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Efavirenz treatment increases HDL-cholesterol
  NEW YORK (Reuters Health) - Treatment of HIV with efavirenz, either in antiretroviral-naive patients or as a replacement for a protease inhibitor (PI), improves patients' HDL-cholesterol levels and their LDL/HDL index, investigators in Spain report.
Another non-nucleoside transcriptase reverse inhibitor (NNRTI), nevirapine, enhances the lipoprotein profile when substituted for a PI. To see if the same is true for efavirenz, Dr. Eugenia Negredo and associates followed 20 HIV-infected patients for 48 weeks after initiating treatment with efavirenz. Ten patients were switched from a PI and the other 10 were starting antiretroviral treatment for the first time.
Mean HDL levels increased from 38.5 to 52.6 mg/dL (p < 0.0001) in the treatment naïve group, and from 41.8 to 48.0 mg/dL in those previously treated with a PI (p = 0.005).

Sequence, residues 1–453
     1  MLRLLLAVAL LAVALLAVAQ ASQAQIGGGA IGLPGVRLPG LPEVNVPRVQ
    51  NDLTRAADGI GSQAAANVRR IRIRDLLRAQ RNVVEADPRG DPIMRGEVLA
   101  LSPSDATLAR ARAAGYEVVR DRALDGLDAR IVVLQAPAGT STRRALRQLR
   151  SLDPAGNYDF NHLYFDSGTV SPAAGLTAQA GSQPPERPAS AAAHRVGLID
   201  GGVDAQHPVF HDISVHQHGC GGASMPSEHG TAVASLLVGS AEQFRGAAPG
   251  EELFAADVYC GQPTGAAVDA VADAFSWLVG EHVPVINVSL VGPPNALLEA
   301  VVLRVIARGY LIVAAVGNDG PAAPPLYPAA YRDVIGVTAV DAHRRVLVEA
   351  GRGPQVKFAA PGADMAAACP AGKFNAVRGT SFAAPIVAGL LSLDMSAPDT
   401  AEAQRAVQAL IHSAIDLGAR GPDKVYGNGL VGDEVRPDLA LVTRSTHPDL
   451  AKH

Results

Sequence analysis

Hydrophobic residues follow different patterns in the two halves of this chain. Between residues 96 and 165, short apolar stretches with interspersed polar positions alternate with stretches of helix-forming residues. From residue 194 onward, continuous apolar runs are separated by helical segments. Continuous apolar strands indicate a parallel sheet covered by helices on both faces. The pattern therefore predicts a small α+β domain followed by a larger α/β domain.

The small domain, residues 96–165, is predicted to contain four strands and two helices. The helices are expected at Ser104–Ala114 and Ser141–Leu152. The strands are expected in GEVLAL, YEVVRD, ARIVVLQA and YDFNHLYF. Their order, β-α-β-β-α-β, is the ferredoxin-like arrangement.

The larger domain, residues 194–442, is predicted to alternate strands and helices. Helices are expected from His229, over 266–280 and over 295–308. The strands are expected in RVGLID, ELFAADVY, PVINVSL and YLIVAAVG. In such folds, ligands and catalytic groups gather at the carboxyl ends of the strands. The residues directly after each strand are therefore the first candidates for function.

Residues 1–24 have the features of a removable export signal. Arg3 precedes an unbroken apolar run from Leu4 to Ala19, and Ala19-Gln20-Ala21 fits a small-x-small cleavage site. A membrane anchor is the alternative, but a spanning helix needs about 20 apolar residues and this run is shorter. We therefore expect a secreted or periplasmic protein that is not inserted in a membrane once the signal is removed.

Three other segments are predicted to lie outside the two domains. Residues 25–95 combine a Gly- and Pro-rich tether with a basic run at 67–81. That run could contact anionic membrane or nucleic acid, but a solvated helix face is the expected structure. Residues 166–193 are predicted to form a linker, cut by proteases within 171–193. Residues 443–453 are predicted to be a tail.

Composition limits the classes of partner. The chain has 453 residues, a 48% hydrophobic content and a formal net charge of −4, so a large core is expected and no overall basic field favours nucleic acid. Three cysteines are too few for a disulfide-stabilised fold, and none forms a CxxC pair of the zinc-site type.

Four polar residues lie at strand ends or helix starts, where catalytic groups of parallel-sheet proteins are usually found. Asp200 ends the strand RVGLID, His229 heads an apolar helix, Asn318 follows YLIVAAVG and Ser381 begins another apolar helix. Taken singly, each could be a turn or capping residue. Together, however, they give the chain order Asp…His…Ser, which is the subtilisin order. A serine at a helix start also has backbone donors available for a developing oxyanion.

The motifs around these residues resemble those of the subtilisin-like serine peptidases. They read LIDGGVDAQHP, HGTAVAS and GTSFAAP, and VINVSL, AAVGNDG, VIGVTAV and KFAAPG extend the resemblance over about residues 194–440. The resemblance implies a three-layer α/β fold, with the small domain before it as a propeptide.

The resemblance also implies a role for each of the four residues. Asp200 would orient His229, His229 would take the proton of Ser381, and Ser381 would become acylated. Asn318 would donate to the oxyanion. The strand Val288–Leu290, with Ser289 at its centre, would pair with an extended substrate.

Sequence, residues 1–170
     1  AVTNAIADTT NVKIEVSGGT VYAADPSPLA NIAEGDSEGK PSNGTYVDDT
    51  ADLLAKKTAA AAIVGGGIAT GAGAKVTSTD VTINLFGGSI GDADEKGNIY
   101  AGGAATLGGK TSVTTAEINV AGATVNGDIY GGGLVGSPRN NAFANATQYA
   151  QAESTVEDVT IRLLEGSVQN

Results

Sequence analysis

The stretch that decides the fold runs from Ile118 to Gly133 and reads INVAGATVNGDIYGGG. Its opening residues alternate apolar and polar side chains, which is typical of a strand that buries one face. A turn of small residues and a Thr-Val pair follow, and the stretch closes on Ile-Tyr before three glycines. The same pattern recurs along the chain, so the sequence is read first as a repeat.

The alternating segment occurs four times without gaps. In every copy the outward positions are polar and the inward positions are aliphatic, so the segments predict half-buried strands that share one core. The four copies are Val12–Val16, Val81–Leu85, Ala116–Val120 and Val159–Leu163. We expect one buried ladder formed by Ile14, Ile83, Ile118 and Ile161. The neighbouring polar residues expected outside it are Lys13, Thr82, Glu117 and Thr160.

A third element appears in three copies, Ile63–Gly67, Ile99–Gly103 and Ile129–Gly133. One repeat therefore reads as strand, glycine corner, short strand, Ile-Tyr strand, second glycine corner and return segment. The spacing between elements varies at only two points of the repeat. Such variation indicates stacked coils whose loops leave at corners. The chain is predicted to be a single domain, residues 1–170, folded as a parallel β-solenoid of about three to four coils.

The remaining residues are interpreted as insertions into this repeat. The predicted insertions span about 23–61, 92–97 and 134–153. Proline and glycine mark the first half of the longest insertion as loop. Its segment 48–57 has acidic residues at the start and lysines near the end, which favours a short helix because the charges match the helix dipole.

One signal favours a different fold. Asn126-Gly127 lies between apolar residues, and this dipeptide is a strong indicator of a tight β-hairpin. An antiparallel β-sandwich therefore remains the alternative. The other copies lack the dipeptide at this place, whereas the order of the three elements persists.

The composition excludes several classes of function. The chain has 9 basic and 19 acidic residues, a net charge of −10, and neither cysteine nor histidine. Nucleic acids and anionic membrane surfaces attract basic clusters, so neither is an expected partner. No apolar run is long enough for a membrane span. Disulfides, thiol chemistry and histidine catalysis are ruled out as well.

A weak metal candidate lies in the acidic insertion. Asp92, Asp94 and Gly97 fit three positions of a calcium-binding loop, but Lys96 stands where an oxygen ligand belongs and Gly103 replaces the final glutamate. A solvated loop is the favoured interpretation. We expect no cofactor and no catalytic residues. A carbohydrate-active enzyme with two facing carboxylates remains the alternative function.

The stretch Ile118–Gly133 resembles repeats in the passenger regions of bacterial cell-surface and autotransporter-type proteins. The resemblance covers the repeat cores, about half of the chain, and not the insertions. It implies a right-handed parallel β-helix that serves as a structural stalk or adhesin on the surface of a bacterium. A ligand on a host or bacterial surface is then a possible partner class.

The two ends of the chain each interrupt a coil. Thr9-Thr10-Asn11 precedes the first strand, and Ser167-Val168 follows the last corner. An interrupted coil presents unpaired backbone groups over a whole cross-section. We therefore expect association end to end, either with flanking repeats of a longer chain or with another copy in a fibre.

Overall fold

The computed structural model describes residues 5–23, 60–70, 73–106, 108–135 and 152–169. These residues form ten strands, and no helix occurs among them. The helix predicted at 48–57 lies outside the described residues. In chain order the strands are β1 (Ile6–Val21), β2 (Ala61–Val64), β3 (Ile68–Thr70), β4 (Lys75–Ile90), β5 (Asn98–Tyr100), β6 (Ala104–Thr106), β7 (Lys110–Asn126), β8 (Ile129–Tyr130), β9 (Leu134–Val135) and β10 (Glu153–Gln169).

Efavirenz was associated with "a strikingly significant reduction of the LDL/HDL cholesterol ratio from 3.34 to 2.91 (p = 0.028)," Dr. Negredo, at Germans Trias i Pujol University Hospital in Barcelona, and associates write in a research letter published in the March 26th issue of AIDS. These changes were independent of triglyceride levels.
Because PIs may adversely affect lipid profiles, "switching PI to NNRTI could be of interest to treat hyperlipidemia in this population," the authors conclude.


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